Another rising star in the program, Ivory, remains one of the best hidden talents in the state of Wisconsin. A do-it-all combo forward, Ivory was second on the team in blocks, third in rebounding, fourth in steals, and sixth in assists.

Landing a handful of Division 2 scholarships over the summer, Ivory, who shot 62 percent from the field as a junior, has a chance to be the team’s leading scorer this season.

“Probably the most improved player that we’ve had in a long time,” Schalow said. “Probably one of those players that are one of the best kept secrets.

“He’s so versatile. His ability to play inside and out will create some tough matchups for our opponents. He’ll be the most versatile player we have, the most athletic player we have.”

Ivory is coming off a big summer.

Losing a player like McCabe, it’s hard, if not impossible to reload, but it does come with one advantage — the element of surprise.  Last season, if opponents could slow down McCabe, they had a chance — although that was easier said than done.

In 2018-19, keying in on one player won’t be enough to beat the Ghosts.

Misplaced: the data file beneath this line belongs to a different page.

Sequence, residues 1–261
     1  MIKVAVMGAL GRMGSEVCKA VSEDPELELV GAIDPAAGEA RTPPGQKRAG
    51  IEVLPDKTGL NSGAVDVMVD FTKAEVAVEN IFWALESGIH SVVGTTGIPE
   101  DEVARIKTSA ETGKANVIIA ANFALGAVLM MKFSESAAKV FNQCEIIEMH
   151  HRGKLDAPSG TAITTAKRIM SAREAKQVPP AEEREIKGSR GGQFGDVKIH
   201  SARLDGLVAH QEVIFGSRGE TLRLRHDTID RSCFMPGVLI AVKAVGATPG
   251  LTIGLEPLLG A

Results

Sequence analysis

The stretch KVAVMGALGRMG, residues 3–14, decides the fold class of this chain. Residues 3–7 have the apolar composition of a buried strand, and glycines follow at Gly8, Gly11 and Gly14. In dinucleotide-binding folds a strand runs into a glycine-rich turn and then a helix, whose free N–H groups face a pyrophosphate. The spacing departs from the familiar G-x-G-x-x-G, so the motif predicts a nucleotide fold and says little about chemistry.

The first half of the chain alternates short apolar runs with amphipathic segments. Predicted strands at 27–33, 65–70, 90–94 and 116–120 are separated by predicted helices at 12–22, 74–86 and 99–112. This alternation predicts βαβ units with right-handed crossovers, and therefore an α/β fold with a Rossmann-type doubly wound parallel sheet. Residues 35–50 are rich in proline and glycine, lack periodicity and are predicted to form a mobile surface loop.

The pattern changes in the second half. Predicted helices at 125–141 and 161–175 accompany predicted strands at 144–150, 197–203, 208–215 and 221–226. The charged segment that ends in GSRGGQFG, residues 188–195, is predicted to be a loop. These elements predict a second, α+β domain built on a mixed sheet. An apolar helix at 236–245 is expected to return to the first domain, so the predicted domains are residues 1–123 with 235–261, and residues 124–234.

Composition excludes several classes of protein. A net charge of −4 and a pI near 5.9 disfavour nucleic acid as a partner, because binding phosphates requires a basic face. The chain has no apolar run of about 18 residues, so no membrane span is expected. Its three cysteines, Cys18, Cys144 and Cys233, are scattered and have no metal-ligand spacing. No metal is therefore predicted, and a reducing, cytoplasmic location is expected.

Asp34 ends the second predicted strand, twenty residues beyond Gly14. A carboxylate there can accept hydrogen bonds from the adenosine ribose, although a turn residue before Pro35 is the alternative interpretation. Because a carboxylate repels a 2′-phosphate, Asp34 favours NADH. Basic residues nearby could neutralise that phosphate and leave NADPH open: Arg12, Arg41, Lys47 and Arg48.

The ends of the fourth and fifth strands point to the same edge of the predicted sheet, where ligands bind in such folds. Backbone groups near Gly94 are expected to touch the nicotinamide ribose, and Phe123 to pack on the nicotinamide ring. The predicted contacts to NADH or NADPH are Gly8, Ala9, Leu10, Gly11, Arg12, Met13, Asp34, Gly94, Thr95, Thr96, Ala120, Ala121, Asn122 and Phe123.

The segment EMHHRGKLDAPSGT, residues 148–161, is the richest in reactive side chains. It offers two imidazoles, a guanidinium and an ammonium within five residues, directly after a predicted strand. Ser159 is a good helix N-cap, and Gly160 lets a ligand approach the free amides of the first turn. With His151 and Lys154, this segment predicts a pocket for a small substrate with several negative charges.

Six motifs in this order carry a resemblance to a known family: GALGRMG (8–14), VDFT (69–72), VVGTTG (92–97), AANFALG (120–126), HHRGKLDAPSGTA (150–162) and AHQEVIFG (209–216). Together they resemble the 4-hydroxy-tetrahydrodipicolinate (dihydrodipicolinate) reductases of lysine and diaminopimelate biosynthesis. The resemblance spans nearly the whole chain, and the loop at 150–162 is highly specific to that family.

“That’s what’s going to make us much more dangerous,” said Schalow. “I don’t see that anyone can take away one or two players from us. Our depth and our balance will be really good.

“We may not have the marquee player, but  I believe we have a core of guys  who understand what it takes, having played during the  state run.”


Surprise Player

Kaukauna didn’t get a single minute out of junior Seth Kamenick last season. Missing most of the year with an injury,  Kamenick was able to appear in a few JV games, but never on the varsity.

The 6-foot-5, 200-pound forward could be the x-factor and even catch Fox Valley Association programs by surprise. 

“Nobody knows about him. He was injured last year and basically missed the whole season,” Schalow explained. “He’s been cleared this summer and we’re starting to see him getting his body in shape.

“Think he’s going to be a secret that people don’t realize that we have.”


Biggest Question

Schalow said  defensively is where his team may have the most ground to make up.

Last season, Kaukana gave up 70 or more points 13 times. However, it wasn’t as much of a concern as the Ghosts hit the 80-point mark a whopping 18 times, including six games in triple digits.